Friday, December 15, 2006

Nearest Book Meme

From Jack's new blog. . .jacksnonblog

take the book nearest you (my left toe was resting on it, touching is about as near as you can get i figure)

Go to page 123, type the fifth sentence.

"-----cruising along innocent as any pleasure craft, till you assaulted her, with your infernal rays."

Against The Day Thomas Pynchon

so far, it's a damned good read.

Friday Random Ten (good to be back home edition)

Now, life seems a bit more normal.

Everyday I Write the Book - - - Alison Brown (bluegrass version of Elvis Costello)
Gaabatiti Zamundaniya - - - Master Drummers of Dahgbon
Take This Waltz - - - Leonard Cohen (Cohen does Lorca, beautiful stuff)
Smoke Along the Track - - - Emmylou
Goodnight Irene - - - Leadbelly
Candy Man - - - the Reverend Gary Davis
Mary Lou - - - Delbert McClinton
Aqua Boogie - - - Parliament/Funkadelic
Vaseline Machine Gun - - - Leo Kottke
Glory Days - - - The Boss


Pass the Dutchy - - - Musical Youth (jah love!)

Thursday, December 14, 2006

On the Road Home

While driving home along I-8 today, I was about ten miles east of Gila Bend. I saw the sunset in my rear view mirror. An Arizona sunset. In all its crimson, gold, purple, and every other color, always changing and shifting as the day ends. Beautiful and glorious.

I had to stop. Get out of the car. Stand there in thrilled awe at its wild beauty. I saw stately sagauro cactus reaching their arms up to the firey sky show. I reached up mine also. Then it was over. The day was done. I drove the rest of the way in darkness. No streetlights. No megawat cities to blot out the stars. Flickering remainders of the Persied meteor shower flared and swooped, brilliant seconds of flashing light, then gone. Into the driveway, the dogs running out to greet me with slobbering enthusiasm.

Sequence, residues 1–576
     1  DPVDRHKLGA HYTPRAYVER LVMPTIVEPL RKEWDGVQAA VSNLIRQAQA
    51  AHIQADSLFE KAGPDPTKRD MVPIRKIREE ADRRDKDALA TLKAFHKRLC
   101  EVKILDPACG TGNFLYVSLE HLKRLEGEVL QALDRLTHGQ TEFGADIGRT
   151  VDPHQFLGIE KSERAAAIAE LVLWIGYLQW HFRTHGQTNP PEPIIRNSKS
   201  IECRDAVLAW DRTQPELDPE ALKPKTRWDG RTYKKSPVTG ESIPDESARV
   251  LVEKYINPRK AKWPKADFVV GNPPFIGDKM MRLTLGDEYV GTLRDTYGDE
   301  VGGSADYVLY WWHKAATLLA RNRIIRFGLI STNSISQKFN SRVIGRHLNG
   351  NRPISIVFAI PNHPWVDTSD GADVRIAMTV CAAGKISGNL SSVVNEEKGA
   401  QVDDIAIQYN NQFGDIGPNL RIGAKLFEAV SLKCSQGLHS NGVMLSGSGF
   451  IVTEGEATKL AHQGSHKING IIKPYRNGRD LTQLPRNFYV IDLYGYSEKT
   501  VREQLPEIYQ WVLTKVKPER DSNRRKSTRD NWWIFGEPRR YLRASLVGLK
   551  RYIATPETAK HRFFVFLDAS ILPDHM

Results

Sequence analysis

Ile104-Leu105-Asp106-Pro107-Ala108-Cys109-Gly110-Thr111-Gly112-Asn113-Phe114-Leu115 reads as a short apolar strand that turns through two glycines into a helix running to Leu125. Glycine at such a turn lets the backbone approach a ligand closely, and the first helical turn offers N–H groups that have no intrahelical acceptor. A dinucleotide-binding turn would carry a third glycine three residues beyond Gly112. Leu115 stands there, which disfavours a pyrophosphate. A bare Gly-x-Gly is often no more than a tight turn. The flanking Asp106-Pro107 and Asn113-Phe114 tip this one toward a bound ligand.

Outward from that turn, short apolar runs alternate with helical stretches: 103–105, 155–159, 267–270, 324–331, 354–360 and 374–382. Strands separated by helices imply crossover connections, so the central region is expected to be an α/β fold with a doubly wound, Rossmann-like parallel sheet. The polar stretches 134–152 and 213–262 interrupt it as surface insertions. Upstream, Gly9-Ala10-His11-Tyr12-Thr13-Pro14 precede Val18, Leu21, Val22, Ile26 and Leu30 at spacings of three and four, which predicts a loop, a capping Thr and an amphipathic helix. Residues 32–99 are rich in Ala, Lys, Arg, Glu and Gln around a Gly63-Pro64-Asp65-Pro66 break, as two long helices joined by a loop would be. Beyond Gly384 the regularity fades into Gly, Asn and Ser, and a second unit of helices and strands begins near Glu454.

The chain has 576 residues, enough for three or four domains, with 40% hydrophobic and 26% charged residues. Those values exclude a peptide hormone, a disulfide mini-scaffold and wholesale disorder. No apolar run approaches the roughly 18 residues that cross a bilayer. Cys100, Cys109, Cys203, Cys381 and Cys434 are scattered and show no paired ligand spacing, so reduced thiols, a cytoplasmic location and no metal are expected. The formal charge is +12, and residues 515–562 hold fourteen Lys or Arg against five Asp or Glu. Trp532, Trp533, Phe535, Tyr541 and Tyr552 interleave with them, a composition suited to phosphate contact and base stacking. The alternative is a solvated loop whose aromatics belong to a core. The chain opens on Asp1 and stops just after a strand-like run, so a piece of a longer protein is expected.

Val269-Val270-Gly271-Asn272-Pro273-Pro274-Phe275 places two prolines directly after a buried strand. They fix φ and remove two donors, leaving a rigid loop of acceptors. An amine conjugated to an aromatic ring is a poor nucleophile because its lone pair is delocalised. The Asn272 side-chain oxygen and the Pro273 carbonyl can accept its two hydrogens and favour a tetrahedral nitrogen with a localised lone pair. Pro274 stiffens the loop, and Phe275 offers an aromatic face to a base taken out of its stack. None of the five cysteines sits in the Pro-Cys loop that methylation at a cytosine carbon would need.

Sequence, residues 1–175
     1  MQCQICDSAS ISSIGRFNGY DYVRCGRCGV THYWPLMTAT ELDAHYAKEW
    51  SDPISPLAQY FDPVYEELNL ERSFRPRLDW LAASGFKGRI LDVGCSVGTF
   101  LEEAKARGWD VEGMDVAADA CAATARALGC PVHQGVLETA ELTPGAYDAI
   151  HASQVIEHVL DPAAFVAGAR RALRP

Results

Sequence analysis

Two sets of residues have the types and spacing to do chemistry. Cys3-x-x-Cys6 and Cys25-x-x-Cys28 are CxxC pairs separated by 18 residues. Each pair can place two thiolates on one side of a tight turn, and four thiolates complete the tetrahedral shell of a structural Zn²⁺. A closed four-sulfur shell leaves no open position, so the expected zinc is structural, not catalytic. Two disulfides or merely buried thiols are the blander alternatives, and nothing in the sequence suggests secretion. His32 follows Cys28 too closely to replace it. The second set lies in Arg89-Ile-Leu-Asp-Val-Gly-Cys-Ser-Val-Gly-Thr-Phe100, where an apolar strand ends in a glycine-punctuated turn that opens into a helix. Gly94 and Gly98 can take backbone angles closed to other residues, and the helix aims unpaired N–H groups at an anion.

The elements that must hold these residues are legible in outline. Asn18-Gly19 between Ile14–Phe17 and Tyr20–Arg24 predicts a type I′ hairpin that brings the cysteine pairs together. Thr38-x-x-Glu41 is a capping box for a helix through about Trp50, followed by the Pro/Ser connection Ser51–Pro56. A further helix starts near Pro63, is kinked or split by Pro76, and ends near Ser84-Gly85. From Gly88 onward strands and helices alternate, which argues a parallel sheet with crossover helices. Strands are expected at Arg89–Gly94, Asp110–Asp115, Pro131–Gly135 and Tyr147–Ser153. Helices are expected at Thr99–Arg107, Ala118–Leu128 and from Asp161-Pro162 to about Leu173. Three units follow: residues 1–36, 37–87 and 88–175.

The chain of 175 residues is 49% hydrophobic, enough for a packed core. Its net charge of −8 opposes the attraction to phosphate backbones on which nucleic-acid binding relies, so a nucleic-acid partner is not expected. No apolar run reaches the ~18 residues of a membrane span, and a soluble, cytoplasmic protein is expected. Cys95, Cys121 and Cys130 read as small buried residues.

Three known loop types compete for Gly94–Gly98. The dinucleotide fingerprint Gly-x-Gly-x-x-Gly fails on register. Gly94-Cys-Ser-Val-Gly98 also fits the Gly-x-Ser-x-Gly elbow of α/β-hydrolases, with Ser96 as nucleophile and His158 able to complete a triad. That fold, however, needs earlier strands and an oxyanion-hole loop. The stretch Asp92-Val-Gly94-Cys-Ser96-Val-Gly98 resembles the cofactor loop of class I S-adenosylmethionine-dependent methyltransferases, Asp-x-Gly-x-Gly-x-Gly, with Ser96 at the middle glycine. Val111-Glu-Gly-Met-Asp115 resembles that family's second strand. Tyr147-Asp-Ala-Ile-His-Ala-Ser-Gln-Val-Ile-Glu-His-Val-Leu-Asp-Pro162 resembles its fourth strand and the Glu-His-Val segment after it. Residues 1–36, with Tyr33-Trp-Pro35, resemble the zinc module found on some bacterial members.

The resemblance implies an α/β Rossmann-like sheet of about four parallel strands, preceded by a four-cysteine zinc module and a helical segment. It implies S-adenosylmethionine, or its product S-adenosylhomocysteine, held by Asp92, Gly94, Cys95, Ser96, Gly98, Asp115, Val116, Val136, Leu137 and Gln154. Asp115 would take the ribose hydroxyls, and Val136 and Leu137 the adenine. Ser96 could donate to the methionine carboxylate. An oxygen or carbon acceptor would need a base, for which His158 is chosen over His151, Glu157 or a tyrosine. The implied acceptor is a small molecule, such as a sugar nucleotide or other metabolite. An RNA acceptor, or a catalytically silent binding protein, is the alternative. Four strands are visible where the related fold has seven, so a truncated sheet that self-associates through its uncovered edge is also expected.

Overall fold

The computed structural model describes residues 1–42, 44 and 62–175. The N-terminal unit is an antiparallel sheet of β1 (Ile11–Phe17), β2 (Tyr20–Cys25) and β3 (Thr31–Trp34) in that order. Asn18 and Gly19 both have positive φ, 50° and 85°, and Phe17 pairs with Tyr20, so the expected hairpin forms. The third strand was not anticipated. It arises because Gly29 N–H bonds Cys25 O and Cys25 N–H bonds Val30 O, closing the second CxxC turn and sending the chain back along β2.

Home. I love it.


Wednesday, December 13, 2006

Rolling, Tempering, Dipping

You can find some alternatives to the tempering process in my initial truffle post. Unless you're willing to fork out big bucks on a tempering machine I would suggest that you use them if you make these yourself. Otherwise you're doomed to a lifetime of sucking up to assholes like me who obtain the technology. The machine I'm using here is a small (1.5 lb batch) version of the 18lb monster Hilliard I use when the shop is open.
The first thing to do is to take an eight by twelve baking pan and line the top half of it with plastic wrap. You'll want plenty of overlap on the sides.

Take the ganache that has been setting overnight out of the refrigerator and unwrap it. Snatch out enough ganache to make a decent size ball. Your goal is to roll six fairly even sized balls that will fit evenly across eight inches of pan. This will produce truffles that average about eight to a pound.

You will need to work quickly. Fine chocolate is a liquid at 8° below body temperature. The cream and the butter don't help either. When I have the right amount of ganache in my hand I form it with my fingers into a cubish, rounding thing. Then I try to bring it into a ball with my closed palms.

Have I mentioned that you need to work fast? As soon as something in my palms resembles a sphere I open my hands, forming a "V" shape to finish off

A perfect ball of ganache which goes immediately into the pan with the others. Blogger is being a bitch about the photos. Althogh it's probably my fault. When I upload a photo it always is placed at the top of the post. You'd think it wasn't that hard to put it where the cursor is but I guess that only shows how little I fucking know. I'll soldier on with text for a while.

I roll in lots of twelve. Like most of my customers, I tend to think in dozens. The other thing is that as you roll there is a slick film of melted ganche that forms on your hands. If this gets too thick you'll end up melting the ganache faster than you can form it. Part of this is the way I make the ganache. I don't boil the cream or do things that will keep it from liquifying quickly. This makes it harder to work with, but I think it's worth it. After I drop in twelve balls I wash my hands, using warm water, then finish off with cold water (because these things hate heat) and dry with at least two towels to ensure that my hands are scupulously dry before I wrap up the dozen balls and put them into the fridge. The wrapped dozens need to be in the refrigerator for at least 3 hours before you attempt dipping them.